It is scary! Truly, terrifying if you think about it – to be open-hearted and willing to love. But I’m not here to aggravate your nervous system. If you go around constantly acknowledging how scary it is to love and lose, to live and die – without a helpful framework of awareness – you’d go out of your mind. I emphasize both the benefits of learning to navigate emotions with compassion as well as the detriment of repression.
It hurts. So, we distract. Occasional distraction is inevitable, especially if you are grieving the loss of a loved one, or you just got divorced, or some other calamitous change just occurred. Those types of losses are outside the sphere of the usual pain we endure and require time to heal and lots of support.
That being said, if you have learned to consistently distract and numb out, you may not even realize that there is another way to be that feels more alive, vital and joyful.
Ongoing distraction can lead to long term despair or chronic pain. Some people distract because they don’t know what the alternatives might be – they don’t have the tools. Some don’t even have a single reference point for joy – addiction (not just to substances – it could be work, shopping or exercise) has become a way of life.
We distract not only to quit thinking, feeling and worrying, but because, as human animals, we pick up on other people’s freaked out nervous systems. (See the work of Stephen Porges.) The strongest nervous system in the room wins, and if you don’t know how to protect yourself by staying calm, you will get hijacked.
Symphony of Emotions
We distract because being human means that we are a symphony – sometimes cacophony – of emotions. A healthy person might feel many different emotions in a day, and when you know how to navigate them, they flow through the body to shift and release. When you learn how to “play” them, one emotion is not considered “better” than another. They are just different notes on the scale.
No Bad Emotions
You might feel grief to some degree every day. Maybe you miss your family or maybe you just got a new job and you’ll miss coworkers. Maybe your dog is going in for surgery. Checking in with your body and acknowledging your feelings, rather than repressing, helps them to move through you like a song, rather than playing the same note over and over.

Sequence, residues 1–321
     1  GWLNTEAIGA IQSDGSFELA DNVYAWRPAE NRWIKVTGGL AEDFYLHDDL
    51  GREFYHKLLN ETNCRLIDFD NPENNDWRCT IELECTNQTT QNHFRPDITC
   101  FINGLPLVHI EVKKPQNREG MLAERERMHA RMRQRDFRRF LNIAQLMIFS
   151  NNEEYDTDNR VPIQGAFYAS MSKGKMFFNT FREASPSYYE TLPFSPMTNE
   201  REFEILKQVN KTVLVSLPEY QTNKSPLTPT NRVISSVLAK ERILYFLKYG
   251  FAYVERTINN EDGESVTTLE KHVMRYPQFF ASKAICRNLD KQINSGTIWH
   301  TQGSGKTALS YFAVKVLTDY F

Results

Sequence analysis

The more you feel, and the more you grieve, your capacity for compassion will expand. Grief can cut like a knife, but eventually – with time – it leaves the heart spongy. It opens us more deeply to the pain of others. We connect more deeply to the human race as we burn in its fire.
But, few in this culture teaches us how to do sorrow or anger well. Sit coms model reaching for a drink. That may be okay temporarily when swimming in a feeling so large you can’t see the shore. But stuffing feelings as an ongoing habit causes them to explode when you least expect it, and then you’ll feel guilty and stuff them again. Shit show.
Don’t blame yourself. Some of the bravest souls on the planet are battling fierce internal demons that keep them perpetually shut down and numbed out, no matter what is happening.
Walking the Fire
And, some people have been so traumatized and are so sensitive that their trauma has harmed their ability to recover so irreparably that they require the support of medication. (And, in the case of bipolar disorder or schizophrenia medication is imperative!) But I am saying GP’s tend to be quick to prescribe; our culture is eager to recommend the quick fix, when sometimes learning to walk the fire – with support – is more helpful long term than an emotional epidural.
It may be easier short term not to feel emotions, but there are side effects and long term detriments. More shut down = more and more shut down until life feels overwhelming or meaningless. Repressed emotion turns into chronic pain: fibromyalgia, back pain, stomach issues, bells palsy… the list goes on and on. Some people are so afraid to feel emotion – the idea becomes so daunting that it’s easier to deal with physical pain.
Again, have compassion. This process requires support. You need and deserve spiritual and psychological support to get to the other side of the raging river. For some, religion is a bridge.
Don’t underestimate your pain
Life can be hard. Don’t underestimate your experience. Talking yourself out of just how difficult it feels to be human, or comparing your situation to someone else’s, prevents you from seeking help. Emotions fully felt – especially grief – makes the heart grow bigger. But you can’t navigate this dark night of the soul alone.
Doing this human thing well is a practice. In other words, you can’t avoid the contraction of life, but you can learn the midwives’ skills to tide you through the contraction to get to the release. Learning to feel through the contraction makes the release feel all the more heart expanding. Ultimately, regular grieving expands the capacity for joy.